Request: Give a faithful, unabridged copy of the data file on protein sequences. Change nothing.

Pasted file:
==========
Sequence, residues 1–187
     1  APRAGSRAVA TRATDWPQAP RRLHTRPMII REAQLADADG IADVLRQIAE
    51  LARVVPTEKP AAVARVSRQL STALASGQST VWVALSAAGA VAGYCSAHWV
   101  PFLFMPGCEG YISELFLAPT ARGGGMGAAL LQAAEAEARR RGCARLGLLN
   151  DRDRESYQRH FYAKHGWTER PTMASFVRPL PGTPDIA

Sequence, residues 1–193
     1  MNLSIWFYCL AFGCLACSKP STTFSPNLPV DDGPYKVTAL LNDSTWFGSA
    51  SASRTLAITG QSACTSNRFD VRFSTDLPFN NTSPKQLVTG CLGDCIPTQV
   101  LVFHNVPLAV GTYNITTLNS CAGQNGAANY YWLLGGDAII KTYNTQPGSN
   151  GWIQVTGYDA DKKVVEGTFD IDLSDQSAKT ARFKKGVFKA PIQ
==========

Sequence, residues 1–187
     1  APRAGSRAVA TRATDWPQAP RRLHTRPMII REAQLADADG IADVLRQIAE
    51  LARVVPTEKP AAVARVSRQL STALASGQST VWVALSAAGA VAGYCSAHWV
   101  PFLFMPGCEG YISELFLAPT ARGGGMGAAL LQAAEAEARR RGCARLGLLN
   151  DRDRESYQRH FYAKHGWTER PTMASFVRPL PGTPDIA

Sequence, residues 1–193
     1  MNLSIWFYCL AFGCLACSKP STTFSPNLPV DDGPYKVTAL LNDSTWFGSA
    51  SASRTLAITG QSACTSNRFD VRFSTDLPFN NTSPKQLVTG CLGDCIPTQV
   101  LVFHNVPLAV GTYNITTLNS CAGQNGAANY YWLLGGDAII KTYNTQPGSN
   151  GWIQVTGYDA DKKVVEGTFD IDLSDQSAKT ARFKKGVFKA PIQ